Staying healthy on safari trips

img_0454You have saved up, booked the safari trip of your dreams, arrived at your destination and then two days later you get sick. I’m not saying that safari trips are inherently more likely to make you unwell, but just by virtue of being in a new environment your system will probably be affected and there are a lot of bugs that can bite and make you sick. So it makes sense to minimise the risk.

Do your research
Consult reputable websites and/or your local travel clinic to confirm which vaccinations you should have, and also make sure that you get them in the right timeframe (either together or spaced, depending on the advice). Don’t leave your booking at the travel clinic to the last minute!

Don’t get bitten!
Recent research has shown that malaria-carrying mosquitos are mainly active between dusk and dawn. So it’s important to be vigilant in the evenings and early mornings as well as during the day. Wear long tops/shirts/trousers/skirts/dresses when out in the evening and long sleeves. Apply insect repellent regularly and don’t forget the back of your neck and lower back; you may think you are covered but when sitting down your top may ride up. In fact, to make sure you’re protected it’s best to apply your insect repellent before you get dressed. Means you get less on your clothes and you can make sure that you are covering yourself properly. Oh, and wash your hands immediately after applying. You do NOT want to transfer it from your hands to your eyes/mouth/etc.!

Anti-malarials
Modern anti-malarials are pretty good and there tend to be fewer side effects but I still found that I got a bit jittery when taking mine, and had a ‘funny tummy’. To minimise side effects you should not only take your anti-malarials at mealtimes but smack bang in the middle of eating. And be rigorous about taking them at the same time each day. Once I started taking mine in the middle of my breakfast, I felt a lot better each day. Oh and don’t forget to complete the course, most require you to continue for seven days after you get back from your trip so a repeating reminder with an aleart set on your smartphone is a good idea.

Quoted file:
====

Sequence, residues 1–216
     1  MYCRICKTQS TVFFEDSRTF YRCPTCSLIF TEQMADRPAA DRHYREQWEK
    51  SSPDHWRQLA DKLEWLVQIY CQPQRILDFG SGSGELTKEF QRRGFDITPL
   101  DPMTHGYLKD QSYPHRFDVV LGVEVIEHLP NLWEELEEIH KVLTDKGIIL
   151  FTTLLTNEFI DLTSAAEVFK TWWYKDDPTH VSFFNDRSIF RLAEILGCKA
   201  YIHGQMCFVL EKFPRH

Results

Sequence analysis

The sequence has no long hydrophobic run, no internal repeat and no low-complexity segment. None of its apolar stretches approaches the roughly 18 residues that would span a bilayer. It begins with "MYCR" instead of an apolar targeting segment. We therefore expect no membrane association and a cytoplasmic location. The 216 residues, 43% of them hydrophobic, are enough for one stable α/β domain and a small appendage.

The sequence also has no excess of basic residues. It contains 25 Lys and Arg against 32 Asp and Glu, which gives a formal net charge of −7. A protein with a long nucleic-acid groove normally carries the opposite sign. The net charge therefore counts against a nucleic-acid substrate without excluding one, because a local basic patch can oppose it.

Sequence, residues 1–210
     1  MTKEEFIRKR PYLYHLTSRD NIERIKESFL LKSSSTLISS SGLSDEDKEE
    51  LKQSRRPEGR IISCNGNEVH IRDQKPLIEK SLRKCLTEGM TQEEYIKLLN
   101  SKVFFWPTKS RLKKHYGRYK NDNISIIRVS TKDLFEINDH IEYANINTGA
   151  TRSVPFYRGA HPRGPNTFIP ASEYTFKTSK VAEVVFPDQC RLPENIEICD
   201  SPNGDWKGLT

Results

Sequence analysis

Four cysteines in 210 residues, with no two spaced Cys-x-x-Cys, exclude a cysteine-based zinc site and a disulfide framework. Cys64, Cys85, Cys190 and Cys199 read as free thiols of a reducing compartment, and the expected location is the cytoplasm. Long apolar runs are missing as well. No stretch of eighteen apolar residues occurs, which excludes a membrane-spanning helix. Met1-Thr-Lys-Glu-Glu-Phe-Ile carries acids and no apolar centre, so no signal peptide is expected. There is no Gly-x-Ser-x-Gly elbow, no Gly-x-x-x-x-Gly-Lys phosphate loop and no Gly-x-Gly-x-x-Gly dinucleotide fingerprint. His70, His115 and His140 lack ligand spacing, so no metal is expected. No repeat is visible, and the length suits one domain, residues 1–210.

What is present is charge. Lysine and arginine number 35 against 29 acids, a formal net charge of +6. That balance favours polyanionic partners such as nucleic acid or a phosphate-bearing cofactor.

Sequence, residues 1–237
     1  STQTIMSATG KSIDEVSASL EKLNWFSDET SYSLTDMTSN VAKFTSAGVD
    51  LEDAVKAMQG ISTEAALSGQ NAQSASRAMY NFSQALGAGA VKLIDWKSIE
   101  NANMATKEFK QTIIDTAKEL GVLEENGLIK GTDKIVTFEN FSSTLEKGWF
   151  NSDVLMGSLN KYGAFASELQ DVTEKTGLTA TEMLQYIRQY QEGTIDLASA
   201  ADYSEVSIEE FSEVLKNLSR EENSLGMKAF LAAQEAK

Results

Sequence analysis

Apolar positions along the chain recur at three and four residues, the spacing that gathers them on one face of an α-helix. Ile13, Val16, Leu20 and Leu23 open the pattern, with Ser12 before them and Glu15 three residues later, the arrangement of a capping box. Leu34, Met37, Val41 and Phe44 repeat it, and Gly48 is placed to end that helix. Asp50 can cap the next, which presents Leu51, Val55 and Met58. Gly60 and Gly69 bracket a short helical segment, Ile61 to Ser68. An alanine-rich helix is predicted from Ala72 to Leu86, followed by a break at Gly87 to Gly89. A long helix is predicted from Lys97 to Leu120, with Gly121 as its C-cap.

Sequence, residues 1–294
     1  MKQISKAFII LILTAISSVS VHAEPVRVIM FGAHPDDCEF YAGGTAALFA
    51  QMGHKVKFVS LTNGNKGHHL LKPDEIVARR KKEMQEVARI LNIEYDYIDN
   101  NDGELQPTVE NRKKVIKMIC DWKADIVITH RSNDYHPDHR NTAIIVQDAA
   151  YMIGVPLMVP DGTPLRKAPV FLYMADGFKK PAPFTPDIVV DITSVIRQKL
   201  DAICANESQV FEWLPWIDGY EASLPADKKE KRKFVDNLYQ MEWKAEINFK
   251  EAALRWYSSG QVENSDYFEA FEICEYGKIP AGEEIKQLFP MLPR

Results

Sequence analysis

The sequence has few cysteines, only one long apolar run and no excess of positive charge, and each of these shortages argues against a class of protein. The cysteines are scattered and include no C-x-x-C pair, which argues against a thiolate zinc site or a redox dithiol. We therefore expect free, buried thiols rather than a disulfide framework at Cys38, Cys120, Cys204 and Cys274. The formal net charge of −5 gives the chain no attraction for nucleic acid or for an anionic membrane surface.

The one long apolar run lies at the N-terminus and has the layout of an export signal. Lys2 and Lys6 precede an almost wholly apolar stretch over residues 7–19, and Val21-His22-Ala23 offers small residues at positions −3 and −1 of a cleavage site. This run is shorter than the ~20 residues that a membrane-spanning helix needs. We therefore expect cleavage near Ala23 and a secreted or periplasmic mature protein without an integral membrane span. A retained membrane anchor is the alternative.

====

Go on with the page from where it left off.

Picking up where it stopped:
Anti-bacterial gel
I am not a germophobe but it is practical to carry a small bottle of this with you. Toilet facillities are well-maintained in most game parks and reserves but soap is not always freshly stocked. Also, when picnicking in your vehicle you need to be able to clean your hands before eating your lunch.

Sun protection
Even sitting in a vehicle you will still catch the sun, particularly if you are out on an all day game drive. Reapply SPF lotion (at least SPF15, preferably SPF30) every couple of hours, wear a hat (a burnt scalp is very sore!) and wear long sleeves.

Teeth brushing
No matter how hard I tried I always used to forget to use bottled water when brushing my teeth. Or, I would remember while brushing my teeth, then rinse my brush using the tap thereby negating all previous caution taken! So now I not only keep a bottle of water by the sink purely for teeth brushing but I also hang a flannel over the taps to remind me not to use them.

Medicines
As well as any medication you usually take make sure you pack plasters, antiseptic cream, painkillers, bite relief, antihistamines and painkillers.

Disclaimer:
Please note that this article is intended to provide suggestions only and does not replace professional medical advice. Always consult your doctor before taking any medication.

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About Nicola

I am a proud book nerd who also has the travel bug bad; I LOVE recommending books to others (even when they aren't that interested) and spend way too much time looking at amusing cat photos on the internet.
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